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Executive Assistant Adjusts to New CEOs

5 min read

Stephanie Howard has made a career out of an unplanned appointment.

Howard, 36, spent 13-plus years as the executive assistant to the CEO at USA Truck Inc. of Van Buren, a job she started when she was hand-picked by then-CEO Bob Powell in 2002. Howard had started working at USA Truck at age 19 and was working in the human resources department when Powell’s EA left the company.

“One day out of the blue, one of the ladies came to me and said the lady who was working for Mr. Powell took another job, and he wants to know if you want to come work for him,” Howard said. “That was a major opportunity for me. I had started in driver orientation. It was a new role, but the same things I did in HR. It was a promotion.”

Through some turbulent times — not to mention three more CEOs — Howard held onto the job until August, when she left for an executive assistant position with Beall Barclay & Co. of Fort Smith. Howard said each of the USA Truck CEOs she worked for had different expectations for his EA, which was something she adapted to in turn.

Powell, Howard said, was an old-school executive who didn’t use a computer and wanted handwritten messages. Cliff Beckham handled a lot of his own scheduling, while John Simone wanted Howard to plan his day almost to the minute.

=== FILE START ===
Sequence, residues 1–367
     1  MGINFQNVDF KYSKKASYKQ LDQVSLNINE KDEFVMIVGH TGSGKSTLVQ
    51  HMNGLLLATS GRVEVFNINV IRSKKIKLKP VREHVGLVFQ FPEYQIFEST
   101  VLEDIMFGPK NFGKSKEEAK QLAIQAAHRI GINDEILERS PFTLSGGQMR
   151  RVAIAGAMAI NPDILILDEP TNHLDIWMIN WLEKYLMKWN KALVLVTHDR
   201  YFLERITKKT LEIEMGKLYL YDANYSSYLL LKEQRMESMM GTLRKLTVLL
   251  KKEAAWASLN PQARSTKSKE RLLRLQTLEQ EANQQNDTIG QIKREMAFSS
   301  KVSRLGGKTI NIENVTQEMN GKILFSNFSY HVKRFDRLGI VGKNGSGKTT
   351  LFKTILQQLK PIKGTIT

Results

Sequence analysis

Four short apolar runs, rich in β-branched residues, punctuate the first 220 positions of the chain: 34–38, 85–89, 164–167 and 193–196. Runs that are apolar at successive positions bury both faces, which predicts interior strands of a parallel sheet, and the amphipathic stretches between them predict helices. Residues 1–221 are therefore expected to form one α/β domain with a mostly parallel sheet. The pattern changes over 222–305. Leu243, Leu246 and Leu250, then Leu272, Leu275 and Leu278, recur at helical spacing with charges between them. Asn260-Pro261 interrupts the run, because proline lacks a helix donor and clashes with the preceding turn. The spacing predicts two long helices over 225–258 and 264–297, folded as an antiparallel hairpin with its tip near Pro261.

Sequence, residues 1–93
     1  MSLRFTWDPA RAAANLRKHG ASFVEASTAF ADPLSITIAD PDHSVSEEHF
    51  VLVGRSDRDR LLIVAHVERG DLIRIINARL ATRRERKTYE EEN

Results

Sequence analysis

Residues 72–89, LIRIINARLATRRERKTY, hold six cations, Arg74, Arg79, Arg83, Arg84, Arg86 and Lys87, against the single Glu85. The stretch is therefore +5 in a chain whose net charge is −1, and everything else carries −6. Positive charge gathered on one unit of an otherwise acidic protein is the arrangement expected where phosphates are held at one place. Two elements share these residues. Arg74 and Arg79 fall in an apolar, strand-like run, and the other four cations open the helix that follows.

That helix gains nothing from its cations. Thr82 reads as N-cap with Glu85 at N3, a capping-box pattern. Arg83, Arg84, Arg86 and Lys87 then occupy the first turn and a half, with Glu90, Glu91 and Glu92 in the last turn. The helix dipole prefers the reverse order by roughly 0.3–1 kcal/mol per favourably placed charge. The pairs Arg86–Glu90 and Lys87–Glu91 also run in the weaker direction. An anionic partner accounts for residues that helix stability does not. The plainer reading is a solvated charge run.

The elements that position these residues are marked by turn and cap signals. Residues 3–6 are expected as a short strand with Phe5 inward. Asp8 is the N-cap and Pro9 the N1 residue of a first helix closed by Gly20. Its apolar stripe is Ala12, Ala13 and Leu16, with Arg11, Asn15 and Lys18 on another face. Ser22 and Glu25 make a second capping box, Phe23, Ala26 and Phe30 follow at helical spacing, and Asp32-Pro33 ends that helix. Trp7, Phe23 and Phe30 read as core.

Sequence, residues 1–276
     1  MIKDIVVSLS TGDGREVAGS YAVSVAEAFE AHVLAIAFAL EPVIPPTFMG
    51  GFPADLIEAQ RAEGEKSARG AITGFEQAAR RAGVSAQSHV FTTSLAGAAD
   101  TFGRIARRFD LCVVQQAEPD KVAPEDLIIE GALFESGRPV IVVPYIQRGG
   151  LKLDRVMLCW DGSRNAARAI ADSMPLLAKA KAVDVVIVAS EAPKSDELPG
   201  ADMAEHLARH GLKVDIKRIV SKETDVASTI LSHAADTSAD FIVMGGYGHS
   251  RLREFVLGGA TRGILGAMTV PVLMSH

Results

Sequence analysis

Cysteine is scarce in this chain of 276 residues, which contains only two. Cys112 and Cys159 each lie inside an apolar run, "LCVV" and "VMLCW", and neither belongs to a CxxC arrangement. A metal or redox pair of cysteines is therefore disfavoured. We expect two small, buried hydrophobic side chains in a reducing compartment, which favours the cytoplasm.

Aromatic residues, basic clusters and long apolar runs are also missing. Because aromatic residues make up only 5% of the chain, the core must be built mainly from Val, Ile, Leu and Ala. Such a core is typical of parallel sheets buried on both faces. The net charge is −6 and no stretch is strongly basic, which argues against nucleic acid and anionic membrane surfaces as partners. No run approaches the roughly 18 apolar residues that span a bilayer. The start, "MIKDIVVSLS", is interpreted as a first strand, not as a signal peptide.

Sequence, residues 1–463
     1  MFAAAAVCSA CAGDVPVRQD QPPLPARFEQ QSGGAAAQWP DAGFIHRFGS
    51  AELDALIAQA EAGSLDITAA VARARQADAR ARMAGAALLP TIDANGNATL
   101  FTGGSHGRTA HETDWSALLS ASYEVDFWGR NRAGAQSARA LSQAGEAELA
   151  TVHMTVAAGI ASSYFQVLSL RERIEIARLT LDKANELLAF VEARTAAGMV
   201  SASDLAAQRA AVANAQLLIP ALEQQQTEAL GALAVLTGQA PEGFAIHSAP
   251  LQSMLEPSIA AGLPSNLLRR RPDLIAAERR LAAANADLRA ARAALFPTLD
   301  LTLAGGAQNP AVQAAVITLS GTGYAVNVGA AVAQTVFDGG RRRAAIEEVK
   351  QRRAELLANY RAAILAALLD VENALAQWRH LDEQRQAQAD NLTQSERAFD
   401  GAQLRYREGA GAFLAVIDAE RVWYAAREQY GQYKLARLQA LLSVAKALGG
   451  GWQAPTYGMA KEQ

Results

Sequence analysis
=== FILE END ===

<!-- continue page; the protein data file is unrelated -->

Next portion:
“What each one expects out of you is completely different,” Howard said. “With Mr. Powell, he told me, ‘I have no reason to learn how to use the computer. That’s what I have you for.’”

Learning the Job

Howard didn’t finish college but kept up to date with the technical requirements of the position with course study outside of the job.

Tara Dryer of the University of Arkansas Global Campus in Rogers said the university offers a host of online and face-to-face classes that are beneficial for assistants from the executive to the administrative level. Dryer, the director of training, corporate development and academic outreach, said some of the courses are a few hours long while others can be more of a typical semester study.

Courses taught include business communication, an eight-hour certification program; training in leadership and programs such as Excel and PowerPoint; and online courses in project management fundamentals, customer service fundamentals and supervision and management.

Dryer has two executive assistants on her staff, both of whom have earned master’s degrees, and she said executive assistants need such training because they often oversee projects run by other assistants.

“A lot of them are the ones who are running the show,” Dryer said. “A lot of times executive assistants will supervise people who have never been in that capacity before, where they are supervising other administrative assistants.”

Howard said that is often the case because, as the CEO’s representative, she kept track of projects and initiatives so her boss didn’t have to.

“Whatever goes on in the executive meetings, you want to make sure those things are being taken care of,” Howard said. “You take some of the load off of whoever you’re working for. If a project is supposed to be done in two weeks, whoever you’re working for doesn’t need to be worrying about that project. You should be following up.”